Monday, 5 November 2012

How one astute interpreter translated يعني

Whilst reading Leslie McLoughlin's enthralling biography 'Confessions of an Arabic Interpreter; The Odyssey of an Arabist, 1959-2009’, I came across one the more ingenuitive renditions of the Arabic يعني.

McLoughlin studied Arabic at Britain's famed "spy school", -The Middle East Centre for Arabic Studies (MECAS) in the Lebanon before the civil war, before embarking on an exciting career in the Arab world and Britain in business, academia and for government. He interpreted at high level meetings between 10 Downing Street and Arab delegations as well as for Her Majesty the Queen and various Arab rulers and monarchs. 

On one occasion in the mid-1980s, a Saudi delegation visited no. 10 for talks with Mrs Thatcher and McLoughlin was assigned to interpret for the British side, while the Saudis brought an interpreter who had studied Linguistics at Leeds University. The Britons were astounded at the Saudi interpreter’s elegant renderings.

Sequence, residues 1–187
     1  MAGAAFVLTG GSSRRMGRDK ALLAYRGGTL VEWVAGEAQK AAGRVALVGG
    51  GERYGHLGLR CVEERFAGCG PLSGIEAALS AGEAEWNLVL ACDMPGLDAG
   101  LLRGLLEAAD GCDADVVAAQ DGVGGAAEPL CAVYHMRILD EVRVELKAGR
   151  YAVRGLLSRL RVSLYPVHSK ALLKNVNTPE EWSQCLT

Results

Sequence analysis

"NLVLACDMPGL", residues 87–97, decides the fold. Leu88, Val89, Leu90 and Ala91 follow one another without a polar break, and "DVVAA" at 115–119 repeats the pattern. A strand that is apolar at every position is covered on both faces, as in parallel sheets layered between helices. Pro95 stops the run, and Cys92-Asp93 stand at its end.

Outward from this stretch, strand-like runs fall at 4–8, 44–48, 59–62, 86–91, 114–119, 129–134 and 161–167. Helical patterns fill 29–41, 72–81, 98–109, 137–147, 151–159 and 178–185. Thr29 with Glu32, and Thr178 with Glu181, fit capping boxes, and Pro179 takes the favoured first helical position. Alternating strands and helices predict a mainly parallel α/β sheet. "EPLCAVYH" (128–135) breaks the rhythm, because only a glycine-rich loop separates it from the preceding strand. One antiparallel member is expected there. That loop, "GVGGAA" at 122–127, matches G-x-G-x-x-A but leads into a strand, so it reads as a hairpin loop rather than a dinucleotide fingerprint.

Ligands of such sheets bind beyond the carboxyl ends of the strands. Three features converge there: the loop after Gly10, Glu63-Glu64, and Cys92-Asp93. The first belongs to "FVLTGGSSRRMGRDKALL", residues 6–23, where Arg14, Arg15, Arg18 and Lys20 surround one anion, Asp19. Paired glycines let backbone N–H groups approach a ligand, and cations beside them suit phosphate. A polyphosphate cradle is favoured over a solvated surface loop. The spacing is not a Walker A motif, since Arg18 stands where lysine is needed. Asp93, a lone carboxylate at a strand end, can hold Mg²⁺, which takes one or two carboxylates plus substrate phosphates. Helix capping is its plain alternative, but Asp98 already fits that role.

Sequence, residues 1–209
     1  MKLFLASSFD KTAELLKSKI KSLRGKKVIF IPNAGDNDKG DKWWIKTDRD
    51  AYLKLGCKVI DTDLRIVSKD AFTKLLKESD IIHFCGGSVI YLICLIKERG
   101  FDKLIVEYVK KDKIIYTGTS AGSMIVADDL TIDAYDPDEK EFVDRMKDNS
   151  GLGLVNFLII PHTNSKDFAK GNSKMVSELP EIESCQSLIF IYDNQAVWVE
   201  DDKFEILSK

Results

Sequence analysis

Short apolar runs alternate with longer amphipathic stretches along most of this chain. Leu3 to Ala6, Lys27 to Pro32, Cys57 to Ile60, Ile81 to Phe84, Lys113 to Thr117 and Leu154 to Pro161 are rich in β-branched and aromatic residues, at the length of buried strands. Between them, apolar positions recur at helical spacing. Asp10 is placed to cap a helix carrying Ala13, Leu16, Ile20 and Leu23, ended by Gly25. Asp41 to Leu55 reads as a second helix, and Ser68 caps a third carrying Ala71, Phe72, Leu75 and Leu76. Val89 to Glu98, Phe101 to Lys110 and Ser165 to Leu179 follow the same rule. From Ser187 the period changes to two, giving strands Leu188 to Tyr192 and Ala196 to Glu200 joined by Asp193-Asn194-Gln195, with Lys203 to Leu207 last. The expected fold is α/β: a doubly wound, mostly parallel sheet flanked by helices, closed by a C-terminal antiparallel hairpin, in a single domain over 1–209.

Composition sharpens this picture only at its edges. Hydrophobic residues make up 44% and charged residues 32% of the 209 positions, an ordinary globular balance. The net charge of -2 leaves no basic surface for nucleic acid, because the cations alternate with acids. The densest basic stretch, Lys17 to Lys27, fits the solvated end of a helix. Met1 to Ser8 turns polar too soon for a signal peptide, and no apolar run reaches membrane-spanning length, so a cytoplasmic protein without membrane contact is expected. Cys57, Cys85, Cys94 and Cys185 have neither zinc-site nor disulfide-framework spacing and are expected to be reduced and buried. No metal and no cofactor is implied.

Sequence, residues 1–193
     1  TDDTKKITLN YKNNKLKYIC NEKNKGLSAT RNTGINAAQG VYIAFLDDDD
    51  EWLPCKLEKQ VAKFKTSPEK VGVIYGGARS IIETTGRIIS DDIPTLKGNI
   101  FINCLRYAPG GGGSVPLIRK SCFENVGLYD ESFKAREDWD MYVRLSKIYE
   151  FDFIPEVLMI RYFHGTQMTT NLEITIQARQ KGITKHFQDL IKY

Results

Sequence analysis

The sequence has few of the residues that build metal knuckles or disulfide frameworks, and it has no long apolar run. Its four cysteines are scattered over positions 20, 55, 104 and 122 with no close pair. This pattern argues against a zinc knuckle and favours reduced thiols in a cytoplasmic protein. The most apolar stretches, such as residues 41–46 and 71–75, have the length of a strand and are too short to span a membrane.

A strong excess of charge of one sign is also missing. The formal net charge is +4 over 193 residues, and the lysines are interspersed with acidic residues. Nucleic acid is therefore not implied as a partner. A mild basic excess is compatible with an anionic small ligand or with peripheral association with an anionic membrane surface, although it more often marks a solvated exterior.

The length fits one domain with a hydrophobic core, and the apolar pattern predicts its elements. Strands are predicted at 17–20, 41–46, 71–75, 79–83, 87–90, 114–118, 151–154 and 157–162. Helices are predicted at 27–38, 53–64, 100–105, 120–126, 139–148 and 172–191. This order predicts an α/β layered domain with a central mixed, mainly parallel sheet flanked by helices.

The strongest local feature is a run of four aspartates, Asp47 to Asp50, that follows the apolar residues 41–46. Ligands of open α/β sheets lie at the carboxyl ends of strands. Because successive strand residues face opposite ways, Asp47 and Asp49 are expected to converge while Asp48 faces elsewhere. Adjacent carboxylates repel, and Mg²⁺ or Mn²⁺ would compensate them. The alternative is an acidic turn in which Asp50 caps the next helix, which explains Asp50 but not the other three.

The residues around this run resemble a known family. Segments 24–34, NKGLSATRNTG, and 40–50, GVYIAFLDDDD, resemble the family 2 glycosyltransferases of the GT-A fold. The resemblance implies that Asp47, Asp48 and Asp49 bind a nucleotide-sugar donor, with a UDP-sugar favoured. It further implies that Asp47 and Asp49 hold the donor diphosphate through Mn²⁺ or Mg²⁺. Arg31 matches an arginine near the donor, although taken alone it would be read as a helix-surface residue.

The encounter unfolded thus:

“In one particular instance after Mrs Thatcher had stated a particular position for the United Kingdom on a matter of importance the very brief reply was the word ‘ya’nee’. This word literally means, ‘it means…’ and has many nuances, including: ‘what I mean to say is…’; ‘er…’, which works as a filler; ‘I’m not saying “yes” and I’m not saying “no”; and, most importantly, ‘I’m not sure I agree’.
       The Arabists, including myself leaned forward, eager to hear how the Saudi interpreter would render this ambiguous word. His rendering was roughly as follows, “Having regard to all the circumstances and taking into account the probable ramifications of what you have suggested we would prefer to reserve our position.”” (p157)

I think this shows a couple of things- how expressive language can be in that one word may be rendered into a whole sentence; and how important register is to speech, especially with such an audience. The word يعني could easily be translated here with ‘um’ with a slight rising tone and a shrug of the shoulders, but of course that wouldn’t quite have gone down very well!

Leslie McLoughlin's book 'Confessions of an Arabic Interpreter; The Odyssey of an Arabist, 1959-2009’ is published by Motivate Publishing.

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